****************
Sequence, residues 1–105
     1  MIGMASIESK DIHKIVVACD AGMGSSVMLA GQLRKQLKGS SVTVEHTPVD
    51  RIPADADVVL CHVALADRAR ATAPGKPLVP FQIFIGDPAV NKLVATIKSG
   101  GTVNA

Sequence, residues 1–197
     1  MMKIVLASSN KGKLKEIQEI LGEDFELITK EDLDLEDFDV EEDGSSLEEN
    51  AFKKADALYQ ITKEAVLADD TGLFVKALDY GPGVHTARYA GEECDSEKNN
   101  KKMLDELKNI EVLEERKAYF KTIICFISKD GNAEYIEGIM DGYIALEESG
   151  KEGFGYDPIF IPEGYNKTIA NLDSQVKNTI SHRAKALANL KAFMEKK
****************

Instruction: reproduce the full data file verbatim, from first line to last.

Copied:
Sequence, residues 1–105
     1  MIGMASIESK DIHKIVVACD AGMGSSVMLA GQLRKQLKGS SVTVEHTPVD
    51  RIPADADVVL CHVALADRAR ATAPGKPLVP FQIFIGDPAV NKLVATIKSG
   101  GTVNA

Sequence, residues 1–197
     1  MMKIVLASSN KGKLKEIQEI LGEDFELITK EDLDLEDFDV EEDGSSLEEN
    51  AFKKADALYQ ITKEAVLADD TGLFVKALDY GPGVHTARYA GEECDSEKNN
   101  KKMLDELKNI EVLEERKAYF KTIICFISKD GNAEYIEGIM DGYIALEESG
   151  KEGFGYDPIF IPEGYNKTIA NLDSQVKNTI SHRAKALANL KAFMEKK